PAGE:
Virus writers didn’t take any time off over the public holidays, and the results of their labour have made their way into our May miscellany.
- Greediest Trojan targeting banks – in May, this title went to Trojan-Spy.Win32.Banker.aqu, a modification that targets 87 banks simultaneously.
- Greediest Trojan targeting e-payment systems – this month’s glutton is Trojan-PSW.Win32.VB.kq, which targets four e-payment systems.
- Greediest Trojan targeting payment cards – Trojan-PSW.Win32.VB.kq wins the prize in this category; it targets four payment card systems, and interestingly also targets e-payment systems (see the above category).
- Stealthiest malicious program – once again, it’s a Hupigon variant winning out in this category. Backdoor.Win32.Hupigon.rc is packed ten times with a whole range of packers. Nevertheless, this didn’t save the backdoor from detection.
- Smallest malicious program – this prize goes to a tiny little program weighing in at a mere 9 bytes. Despite its very compact size, Trojan.DOS.DiskEraser.b is smart enough to delete data from disk.
- Biggest malicious program – Trojan.Win32.KillFiles.ki was the most space-hungry malicious program in May. This file-deleting Trojan weighs in at a whopping 247MB. Interestingly enough, both May’s smallest and largest programs have the same malicious payload – but the difference in size is remarkable.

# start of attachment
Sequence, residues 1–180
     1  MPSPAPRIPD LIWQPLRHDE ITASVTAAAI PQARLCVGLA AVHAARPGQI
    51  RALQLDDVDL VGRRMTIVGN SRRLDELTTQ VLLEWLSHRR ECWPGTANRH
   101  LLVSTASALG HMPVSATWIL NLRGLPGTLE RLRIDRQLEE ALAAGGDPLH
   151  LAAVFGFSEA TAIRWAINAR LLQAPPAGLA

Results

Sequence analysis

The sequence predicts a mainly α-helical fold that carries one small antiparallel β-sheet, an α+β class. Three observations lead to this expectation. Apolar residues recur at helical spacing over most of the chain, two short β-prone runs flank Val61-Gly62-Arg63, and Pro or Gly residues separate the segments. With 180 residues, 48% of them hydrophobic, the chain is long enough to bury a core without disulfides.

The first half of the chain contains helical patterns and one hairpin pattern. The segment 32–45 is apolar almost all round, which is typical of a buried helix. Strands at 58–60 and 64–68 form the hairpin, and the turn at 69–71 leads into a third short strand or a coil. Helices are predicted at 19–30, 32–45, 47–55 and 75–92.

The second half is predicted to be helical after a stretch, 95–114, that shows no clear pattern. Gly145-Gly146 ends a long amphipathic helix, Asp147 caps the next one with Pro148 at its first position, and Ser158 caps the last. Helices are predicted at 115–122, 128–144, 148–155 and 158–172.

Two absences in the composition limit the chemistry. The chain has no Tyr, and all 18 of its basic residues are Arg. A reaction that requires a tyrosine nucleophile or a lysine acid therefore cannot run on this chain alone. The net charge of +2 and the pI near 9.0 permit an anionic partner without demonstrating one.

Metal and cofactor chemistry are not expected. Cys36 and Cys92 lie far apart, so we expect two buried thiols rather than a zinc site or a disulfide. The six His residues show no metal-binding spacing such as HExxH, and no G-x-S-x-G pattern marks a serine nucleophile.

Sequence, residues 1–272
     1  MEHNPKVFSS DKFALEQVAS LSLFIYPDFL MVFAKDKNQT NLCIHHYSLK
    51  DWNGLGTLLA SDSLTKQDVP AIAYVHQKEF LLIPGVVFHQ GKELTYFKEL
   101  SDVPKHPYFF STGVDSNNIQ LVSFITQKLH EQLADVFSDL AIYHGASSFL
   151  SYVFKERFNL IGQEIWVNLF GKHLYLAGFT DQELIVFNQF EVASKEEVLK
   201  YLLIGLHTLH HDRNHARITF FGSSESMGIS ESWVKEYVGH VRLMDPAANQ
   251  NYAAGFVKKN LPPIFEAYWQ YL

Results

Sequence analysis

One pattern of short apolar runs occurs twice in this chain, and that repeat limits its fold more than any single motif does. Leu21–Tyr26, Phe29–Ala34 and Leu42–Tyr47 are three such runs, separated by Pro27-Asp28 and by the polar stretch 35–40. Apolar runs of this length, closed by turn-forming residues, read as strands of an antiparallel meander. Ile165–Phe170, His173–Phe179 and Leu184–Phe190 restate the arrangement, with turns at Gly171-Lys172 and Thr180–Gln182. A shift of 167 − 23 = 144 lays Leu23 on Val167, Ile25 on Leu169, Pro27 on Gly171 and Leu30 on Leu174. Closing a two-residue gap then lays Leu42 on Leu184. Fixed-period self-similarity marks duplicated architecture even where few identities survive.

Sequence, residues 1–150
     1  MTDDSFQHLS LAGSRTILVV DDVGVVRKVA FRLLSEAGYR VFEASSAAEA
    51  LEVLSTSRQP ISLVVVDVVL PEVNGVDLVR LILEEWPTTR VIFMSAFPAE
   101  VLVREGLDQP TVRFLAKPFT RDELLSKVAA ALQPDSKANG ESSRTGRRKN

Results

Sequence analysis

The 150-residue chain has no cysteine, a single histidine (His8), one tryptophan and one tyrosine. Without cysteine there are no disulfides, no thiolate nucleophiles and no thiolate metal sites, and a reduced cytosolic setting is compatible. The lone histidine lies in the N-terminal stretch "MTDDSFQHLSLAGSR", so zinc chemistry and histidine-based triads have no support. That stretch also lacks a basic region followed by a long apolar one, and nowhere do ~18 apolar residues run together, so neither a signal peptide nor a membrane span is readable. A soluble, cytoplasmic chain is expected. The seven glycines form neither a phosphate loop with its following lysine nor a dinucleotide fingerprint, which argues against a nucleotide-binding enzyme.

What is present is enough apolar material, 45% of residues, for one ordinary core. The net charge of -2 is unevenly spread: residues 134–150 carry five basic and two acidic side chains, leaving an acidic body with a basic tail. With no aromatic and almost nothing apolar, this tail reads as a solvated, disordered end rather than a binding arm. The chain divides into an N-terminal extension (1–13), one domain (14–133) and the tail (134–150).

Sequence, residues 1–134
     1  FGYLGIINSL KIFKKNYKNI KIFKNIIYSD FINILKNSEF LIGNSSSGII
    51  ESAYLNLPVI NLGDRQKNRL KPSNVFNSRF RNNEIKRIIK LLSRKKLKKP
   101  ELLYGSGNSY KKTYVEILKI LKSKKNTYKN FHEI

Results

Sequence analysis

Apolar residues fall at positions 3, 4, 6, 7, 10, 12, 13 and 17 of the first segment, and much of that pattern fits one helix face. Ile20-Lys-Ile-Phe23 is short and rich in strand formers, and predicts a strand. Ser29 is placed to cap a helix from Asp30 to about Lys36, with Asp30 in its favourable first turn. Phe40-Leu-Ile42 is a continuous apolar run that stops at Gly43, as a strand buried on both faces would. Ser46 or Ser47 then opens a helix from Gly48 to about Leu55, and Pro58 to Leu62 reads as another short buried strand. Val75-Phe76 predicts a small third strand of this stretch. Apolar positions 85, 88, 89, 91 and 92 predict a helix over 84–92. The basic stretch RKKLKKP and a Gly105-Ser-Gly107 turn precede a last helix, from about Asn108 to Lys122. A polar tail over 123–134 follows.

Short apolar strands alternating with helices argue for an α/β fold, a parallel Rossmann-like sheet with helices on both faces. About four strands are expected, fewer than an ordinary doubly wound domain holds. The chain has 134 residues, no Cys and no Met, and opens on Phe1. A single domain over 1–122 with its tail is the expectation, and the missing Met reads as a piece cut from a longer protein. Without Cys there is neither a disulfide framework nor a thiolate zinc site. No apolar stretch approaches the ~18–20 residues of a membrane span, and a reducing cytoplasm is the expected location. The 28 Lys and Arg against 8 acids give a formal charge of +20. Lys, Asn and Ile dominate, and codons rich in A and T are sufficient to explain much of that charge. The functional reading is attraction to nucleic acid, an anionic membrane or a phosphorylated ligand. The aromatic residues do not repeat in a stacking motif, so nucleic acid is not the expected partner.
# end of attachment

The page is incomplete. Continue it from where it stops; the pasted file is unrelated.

- Most malicious program – the leader in this category in May is Backdoor.Win32.Agobot.afy, which deletes antivirus programs using a variety of methods.
- Most common malicious program in email traffic – this title went to Email-Worm.Win32.Netsky.t this May. Despite being an old-timer, this worm is still causing major damage, accounting for over 15% of all malicious email traffic in May 2007.
- Most common Trojan family – the winner of this category this month is the Backdoor.Win32.Rbot family, with 454 modifications in the course of just one month.
- Most common virus/worm family – the Warezov family once again took this title this month. A total of 78 different variants of the Warezov family were detected in May, up from 72 in April.
The summer holidays are coming up, and although it’s unlikely we’ll see worm epidemics on the scale of those in 2004/5, we’ll still have plenty of work to do. See you in June for the next issue of our Miscellany!